Last updated: October 07. 2013 3:37PM - 437 Views
Associated Press



A load is suspended above the street in New York, Monday, Oct. 7, 2013. Officials have closed West 57th Street between 6th and 7th avenues in Manhattan after a tower crane hoisting a load apparently got stuck about 20 floors up. A construction supervisor says the crane is the same one crane whose boom dangled dangerously nearly a year ago during Superstorm Sandy. (AP Photo/Seth Wenig)
A load is suspended above the street in New York, Monday, Oct. 7, 2013. Officials have closed West 57th Street between 6th and 7th avenues in Manhattan after a tower crane hoisting a load apparently got stuck about 20 floors up. A construction supervisor says the crane is the same one crane whose boom dangled dangerously nearly a year ago during Superstorm Sandy. (AP Photo/Seth Wenig)
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(AP) A crane lost power in midtown Manhattan on Monday, leaving its load dangling 40 floors above a construction site and forcing the closure of a busy street amid the threat of heavy rains and wind forecast for New York City.


The load dangled near a luxury high-rise going up near Carnegie Hall the same construction site where a crane's boom collapsed and dangled dangerously during Superstorm Sandy.


This time, the crane is merely frozen with its load suspended in midair, but the threat of bad weather that could send it spiraling has officials worried. City engineers are working with the contractor to secure the site, said buildings department spokesman Tony Sclafani.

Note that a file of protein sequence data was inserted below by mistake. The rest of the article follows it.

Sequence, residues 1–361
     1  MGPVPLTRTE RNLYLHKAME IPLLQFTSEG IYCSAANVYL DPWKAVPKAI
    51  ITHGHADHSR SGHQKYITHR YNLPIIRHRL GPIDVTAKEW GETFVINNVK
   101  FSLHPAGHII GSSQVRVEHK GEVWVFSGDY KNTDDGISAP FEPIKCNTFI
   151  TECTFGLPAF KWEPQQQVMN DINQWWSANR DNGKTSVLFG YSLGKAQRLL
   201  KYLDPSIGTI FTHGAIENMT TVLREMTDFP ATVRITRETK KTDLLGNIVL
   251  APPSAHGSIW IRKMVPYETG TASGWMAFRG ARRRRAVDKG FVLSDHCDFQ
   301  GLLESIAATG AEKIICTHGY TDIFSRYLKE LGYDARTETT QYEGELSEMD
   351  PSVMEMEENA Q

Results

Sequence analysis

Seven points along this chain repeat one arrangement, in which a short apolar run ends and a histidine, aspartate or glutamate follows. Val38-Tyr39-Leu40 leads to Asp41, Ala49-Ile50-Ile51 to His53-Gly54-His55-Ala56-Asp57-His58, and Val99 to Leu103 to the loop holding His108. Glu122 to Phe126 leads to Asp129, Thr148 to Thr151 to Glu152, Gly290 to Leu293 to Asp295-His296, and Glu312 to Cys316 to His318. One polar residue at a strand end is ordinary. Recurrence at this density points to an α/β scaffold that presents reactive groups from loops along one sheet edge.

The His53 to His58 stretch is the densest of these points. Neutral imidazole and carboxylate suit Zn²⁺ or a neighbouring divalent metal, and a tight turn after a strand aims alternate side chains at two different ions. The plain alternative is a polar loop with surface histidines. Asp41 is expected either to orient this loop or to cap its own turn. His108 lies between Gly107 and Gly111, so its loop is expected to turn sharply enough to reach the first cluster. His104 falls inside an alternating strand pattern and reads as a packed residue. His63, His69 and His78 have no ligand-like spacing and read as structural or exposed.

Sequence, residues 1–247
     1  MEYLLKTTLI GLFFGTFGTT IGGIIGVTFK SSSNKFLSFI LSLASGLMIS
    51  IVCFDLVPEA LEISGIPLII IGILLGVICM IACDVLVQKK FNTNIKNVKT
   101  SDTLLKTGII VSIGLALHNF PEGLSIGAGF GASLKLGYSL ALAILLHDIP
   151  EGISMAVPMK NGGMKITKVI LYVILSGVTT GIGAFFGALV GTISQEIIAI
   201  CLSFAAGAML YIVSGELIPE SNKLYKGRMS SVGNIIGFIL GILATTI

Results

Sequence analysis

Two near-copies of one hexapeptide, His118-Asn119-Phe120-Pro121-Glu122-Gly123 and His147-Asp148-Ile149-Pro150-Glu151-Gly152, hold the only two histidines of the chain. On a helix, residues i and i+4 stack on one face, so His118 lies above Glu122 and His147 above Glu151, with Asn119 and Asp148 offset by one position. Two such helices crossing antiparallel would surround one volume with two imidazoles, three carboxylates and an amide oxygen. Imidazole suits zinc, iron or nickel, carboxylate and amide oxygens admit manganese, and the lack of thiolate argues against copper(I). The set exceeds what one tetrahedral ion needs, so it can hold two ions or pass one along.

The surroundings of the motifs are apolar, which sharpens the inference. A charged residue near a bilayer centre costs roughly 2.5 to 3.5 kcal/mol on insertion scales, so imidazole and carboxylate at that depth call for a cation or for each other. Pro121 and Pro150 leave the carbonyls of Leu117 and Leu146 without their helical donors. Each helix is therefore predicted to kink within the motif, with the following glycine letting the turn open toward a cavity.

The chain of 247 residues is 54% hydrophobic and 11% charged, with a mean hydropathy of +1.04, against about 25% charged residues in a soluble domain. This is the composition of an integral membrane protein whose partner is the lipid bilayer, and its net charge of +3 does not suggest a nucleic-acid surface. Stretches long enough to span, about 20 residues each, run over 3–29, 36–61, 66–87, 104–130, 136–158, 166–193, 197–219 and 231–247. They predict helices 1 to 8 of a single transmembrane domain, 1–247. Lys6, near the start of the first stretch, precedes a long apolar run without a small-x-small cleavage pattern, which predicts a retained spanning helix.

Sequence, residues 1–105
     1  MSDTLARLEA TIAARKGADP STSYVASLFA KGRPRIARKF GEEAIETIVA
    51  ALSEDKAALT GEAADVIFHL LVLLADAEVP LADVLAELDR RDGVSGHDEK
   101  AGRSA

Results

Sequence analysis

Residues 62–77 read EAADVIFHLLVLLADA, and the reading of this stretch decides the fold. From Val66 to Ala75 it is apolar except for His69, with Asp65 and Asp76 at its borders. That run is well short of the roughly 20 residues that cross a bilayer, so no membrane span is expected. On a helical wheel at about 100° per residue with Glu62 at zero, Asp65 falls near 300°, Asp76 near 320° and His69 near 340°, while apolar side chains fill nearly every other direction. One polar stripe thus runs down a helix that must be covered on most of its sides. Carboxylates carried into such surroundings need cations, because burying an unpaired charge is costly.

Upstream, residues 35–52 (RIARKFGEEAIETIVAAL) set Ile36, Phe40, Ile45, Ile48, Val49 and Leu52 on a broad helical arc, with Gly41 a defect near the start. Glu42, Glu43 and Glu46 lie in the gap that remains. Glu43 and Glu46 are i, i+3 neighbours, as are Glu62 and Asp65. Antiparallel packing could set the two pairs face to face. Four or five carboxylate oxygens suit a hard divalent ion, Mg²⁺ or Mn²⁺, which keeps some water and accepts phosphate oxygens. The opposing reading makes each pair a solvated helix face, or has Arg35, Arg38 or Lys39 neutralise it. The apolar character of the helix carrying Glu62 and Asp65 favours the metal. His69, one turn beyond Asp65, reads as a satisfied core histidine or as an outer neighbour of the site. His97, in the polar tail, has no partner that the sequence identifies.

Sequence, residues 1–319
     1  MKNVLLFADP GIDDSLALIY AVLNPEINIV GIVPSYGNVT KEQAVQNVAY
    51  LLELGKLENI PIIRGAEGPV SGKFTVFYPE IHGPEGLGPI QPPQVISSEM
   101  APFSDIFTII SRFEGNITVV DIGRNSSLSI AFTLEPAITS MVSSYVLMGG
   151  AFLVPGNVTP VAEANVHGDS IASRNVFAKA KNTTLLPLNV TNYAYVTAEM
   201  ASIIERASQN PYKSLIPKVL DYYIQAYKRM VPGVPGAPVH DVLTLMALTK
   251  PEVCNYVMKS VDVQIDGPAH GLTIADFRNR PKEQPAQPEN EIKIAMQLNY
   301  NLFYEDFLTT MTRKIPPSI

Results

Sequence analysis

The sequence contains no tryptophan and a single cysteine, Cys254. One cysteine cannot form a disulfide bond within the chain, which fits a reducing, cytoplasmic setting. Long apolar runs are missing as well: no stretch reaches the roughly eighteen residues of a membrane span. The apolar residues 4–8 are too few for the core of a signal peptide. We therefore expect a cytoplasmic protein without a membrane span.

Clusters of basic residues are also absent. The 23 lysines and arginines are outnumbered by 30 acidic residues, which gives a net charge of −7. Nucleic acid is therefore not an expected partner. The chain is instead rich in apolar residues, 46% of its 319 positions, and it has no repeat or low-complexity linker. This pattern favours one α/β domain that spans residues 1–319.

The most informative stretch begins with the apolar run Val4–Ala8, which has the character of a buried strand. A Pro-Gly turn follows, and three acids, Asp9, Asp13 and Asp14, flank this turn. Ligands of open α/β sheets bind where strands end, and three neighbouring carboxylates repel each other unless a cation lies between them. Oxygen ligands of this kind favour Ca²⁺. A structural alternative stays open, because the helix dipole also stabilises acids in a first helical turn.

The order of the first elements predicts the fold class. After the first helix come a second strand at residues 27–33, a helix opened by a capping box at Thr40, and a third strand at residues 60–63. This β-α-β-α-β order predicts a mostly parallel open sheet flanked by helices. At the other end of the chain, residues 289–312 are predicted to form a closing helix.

City emergency managers said the load would be lowered manually, which could take hours.


The crane lost power around 7 a.m. while it was moving construction materials to the roof, said Mike Lucas, a construction field supervisor. The generator that powers the hoist mechanism stopped working.


"With no power from this generator, it wasn't going to fall and it wasn't going to go up, either," he said.


The closure of 57th Street, a major east-west thoroughfare, created gridlock in parts of Manhattan.


Construction cranes have been a source of safety worries in the city since two giant rigs collapsed within two months of each other in Manhattan in 2008, killing a total of nine people.


Those accidents spurred the resignation of the city buildings commissioner and fueled new safety measures, including hiring more inspectors and expanding training requirements and inspection checklists.


Another crane fell and killed a worker this April at a construction site for a new subway line. That rig was exempt from most city construction safety rules because it was working for a state-overseen agency that runs the subway system.


The high-rise where the crane is stalled was dubbed a "global billionaires' club" by The New York Times after nine full-floor apartments near the top were sold to billionaires. Two duplexes in the building, called One57, were being sold for more than $90 million each.


Associated Press
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